Established shoot cultures of three apple genotypes, `Dayton', `McIntosh', and `Golden Delicious' were subcultured into culture tubes containing a modified MS medium and maintained in a dark chamber at 1.0±0.5°C for periods of 3, 6, 9, and 12 months. Following each cold storage period, culture tubes of each of the three genotypes were transferred to a growth room and maintained under 16 h of light (60 uEs-1m-2) and 21°C. The overall morphological condition of each shoot was then recorded. After 4 weeks of growth, both number and length (in cm) of proliferating shoots were recorded. In general, shoots subjected to 3 or 6 months of cold storage remained green however most cultures did not initiate any new shoots. Cultures subjected to 9 or 12 months of cold treatment were etiolated however new axillary shoots were observed. The proliferation rate after 4 weeks of growth under standard growth conditions were variable among the different genotypes. The implications of using long term cold storage of apple shoot cultures will be discussed.

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P.A. O`Connor and S.S. Korban

Established shoot cultures of three apple genotypes, `Dayton', `McIntosh', and `Golden Delicious' were subcultured into culture tubes containing a modified MS medium and maintained in a dark chamber at 1.0±0.5°C for periods of 3, 6, 9, and 12 months. Following each cold storage period, culture tubes of each of the three genotypes were transferred to a growth room and maintained under 16 h of light (60 uEs-1m-2) and 21°C. The overall morphological condition of each shoot was then recorded. After 4 weeks of growth, both number and length (in cm) of proliferating shoots were recorded. In general, shoots subjected to 3 or 6 months of cold storage remained green however most cultures did not initiate any new shoots. Cultures subjected to 9 or 12 months of cold treatment were etiolated however new axillary shoots were observed. The proliferation rate after 4 weeks of growth under standard growth conditions were variable among the different genotypes. The implications of using long term cold storage of apple shoot cultures will be discussed.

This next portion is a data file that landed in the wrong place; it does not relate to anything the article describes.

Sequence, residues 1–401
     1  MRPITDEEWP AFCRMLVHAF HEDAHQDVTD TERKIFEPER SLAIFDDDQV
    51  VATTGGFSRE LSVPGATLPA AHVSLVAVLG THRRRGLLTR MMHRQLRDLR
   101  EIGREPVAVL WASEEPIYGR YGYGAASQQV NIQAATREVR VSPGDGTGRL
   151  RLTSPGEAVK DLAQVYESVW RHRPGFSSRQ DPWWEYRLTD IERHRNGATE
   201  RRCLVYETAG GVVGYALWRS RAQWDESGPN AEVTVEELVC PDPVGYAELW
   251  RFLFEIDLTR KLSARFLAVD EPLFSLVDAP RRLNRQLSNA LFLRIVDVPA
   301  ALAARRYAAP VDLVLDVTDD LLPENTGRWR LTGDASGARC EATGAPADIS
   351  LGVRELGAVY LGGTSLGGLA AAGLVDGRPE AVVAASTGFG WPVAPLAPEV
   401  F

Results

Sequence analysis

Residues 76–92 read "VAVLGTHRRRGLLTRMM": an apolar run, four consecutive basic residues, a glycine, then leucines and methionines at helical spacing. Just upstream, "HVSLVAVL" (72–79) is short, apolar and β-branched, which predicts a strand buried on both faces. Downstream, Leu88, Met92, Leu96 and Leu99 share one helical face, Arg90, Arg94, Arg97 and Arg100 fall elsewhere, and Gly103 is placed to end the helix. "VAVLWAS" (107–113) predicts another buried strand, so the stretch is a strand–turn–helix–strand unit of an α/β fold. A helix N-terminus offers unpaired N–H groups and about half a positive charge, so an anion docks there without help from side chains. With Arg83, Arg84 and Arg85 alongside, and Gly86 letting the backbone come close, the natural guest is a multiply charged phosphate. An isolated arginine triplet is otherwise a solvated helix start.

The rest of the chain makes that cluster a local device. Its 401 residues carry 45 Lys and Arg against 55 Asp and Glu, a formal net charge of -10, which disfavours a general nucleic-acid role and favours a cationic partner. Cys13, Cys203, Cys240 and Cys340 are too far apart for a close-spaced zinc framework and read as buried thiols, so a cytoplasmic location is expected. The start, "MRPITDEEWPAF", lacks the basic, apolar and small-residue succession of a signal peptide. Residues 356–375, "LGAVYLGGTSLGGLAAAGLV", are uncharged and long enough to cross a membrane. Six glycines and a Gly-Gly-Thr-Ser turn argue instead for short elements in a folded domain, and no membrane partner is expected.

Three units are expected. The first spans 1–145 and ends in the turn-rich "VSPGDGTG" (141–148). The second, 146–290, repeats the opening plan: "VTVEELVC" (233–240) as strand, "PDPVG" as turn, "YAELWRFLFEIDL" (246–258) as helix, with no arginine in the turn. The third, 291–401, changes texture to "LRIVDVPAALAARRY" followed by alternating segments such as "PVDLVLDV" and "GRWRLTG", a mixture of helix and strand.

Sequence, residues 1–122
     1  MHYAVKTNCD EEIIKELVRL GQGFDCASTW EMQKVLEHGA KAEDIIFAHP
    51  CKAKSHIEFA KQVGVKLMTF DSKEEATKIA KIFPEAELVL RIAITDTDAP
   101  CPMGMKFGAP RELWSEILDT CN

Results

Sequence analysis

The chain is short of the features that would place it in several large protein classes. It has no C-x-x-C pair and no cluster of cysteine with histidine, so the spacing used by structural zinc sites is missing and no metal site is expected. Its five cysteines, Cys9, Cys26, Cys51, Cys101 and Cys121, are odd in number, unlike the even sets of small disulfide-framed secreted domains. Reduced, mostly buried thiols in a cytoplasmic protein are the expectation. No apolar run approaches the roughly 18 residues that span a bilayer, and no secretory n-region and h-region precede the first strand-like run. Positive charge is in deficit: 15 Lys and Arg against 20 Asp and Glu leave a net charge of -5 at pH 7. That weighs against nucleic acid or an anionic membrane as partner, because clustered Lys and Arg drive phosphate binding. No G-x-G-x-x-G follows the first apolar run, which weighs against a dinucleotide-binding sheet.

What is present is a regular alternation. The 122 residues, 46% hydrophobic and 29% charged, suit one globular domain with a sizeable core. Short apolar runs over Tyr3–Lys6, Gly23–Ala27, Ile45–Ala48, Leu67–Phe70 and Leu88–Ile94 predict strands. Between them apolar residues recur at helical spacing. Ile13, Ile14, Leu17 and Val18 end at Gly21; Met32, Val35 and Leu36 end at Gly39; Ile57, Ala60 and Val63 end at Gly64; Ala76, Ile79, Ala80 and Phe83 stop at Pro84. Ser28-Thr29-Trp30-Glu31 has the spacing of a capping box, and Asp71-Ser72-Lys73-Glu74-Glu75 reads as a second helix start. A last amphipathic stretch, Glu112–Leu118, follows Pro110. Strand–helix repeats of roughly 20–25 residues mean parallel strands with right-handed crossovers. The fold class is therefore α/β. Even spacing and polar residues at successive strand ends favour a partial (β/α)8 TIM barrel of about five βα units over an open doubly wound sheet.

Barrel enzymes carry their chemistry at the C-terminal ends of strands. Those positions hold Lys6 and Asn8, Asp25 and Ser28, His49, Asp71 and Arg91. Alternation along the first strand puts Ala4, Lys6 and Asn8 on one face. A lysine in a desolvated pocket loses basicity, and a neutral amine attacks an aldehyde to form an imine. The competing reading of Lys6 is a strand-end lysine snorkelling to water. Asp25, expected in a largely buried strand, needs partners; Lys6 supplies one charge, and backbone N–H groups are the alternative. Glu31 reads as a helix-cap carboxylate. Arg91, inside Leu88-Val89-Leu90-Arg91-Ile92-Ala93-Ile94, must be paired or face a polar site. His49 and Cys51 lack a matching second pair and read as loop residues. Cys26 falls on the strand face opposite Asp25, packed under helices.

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James S. Busse, Senay Ozgen, and Jiwan P. Palta

typified by the browning and death of the shoot tip, the loss of apical dominance, and axillary branch development in an in vitro shoot culture system ( McCown and Sellmer, 1987 ; Sha et al., 1985 ). Transpiration is limited during in vitro culture by high

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Areej A. Alosaimi, Robert R. Tripepi, and Stephen L. Love

38 μmol·m −2 ·s −1 photosynthetic photon flux ( PPF ). After 4 weeks, shoot cultures were subcultured and placed on fresh MS medium or WPM two times before axillary shoot proliferation was started. Because stem explants grew best on the MS salt

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Basdeo Bhagwat and W. David Lane